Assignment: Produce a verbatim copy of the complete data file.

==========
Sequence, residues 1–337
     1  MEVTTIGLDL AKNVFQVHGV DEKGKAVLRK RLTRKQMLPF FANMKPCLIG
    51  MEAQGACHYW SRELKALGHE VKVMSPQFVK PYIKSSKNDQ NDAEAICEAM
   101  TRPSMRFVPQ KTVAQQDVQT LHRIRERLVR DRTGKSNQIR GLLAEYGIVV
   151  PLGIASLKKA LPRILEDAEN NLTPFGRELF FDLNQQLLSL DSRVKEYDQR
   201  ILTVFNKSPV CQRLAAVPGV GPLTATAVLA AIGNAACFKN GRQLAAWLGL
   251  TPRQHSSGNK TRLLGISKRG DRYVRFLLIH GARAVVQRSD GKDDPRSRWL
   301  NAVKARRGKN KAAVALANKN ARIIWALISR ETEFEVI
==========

Sequence, residues 1–337
     1  MEVTTIGLDL AKNVFQVHGV DEKGKAVLRK RLTRKQMLPF FANMKPCLIG
    51  MEAQGACHYW SRELKALGHE VKVMSPQFVK PYIKSSKNDQ NDAEAICEAM
   101  TRPSMRFVPQ KTVAQQDVQT LHRIRERLVR DRTGKSNQIR GLLAEYGIVV
   151  PLGIASLKKA LPRILEDAEN NLTPFGRELF FDLNQQLLSL DSRVKEYDQR
   201  ILTVFNKSPV CQRLAAVPGV GPLTATAVLA AIGNAACFKN GRQLAAWLGL
   251  TPRQHSSGNK TRLLGISKRG DRYVRFLLIH GARAVVQRSD GKDDPRSRWL
   301  NAVKARRGKN KAAVALANKN ARIIWALISR ETEFEVI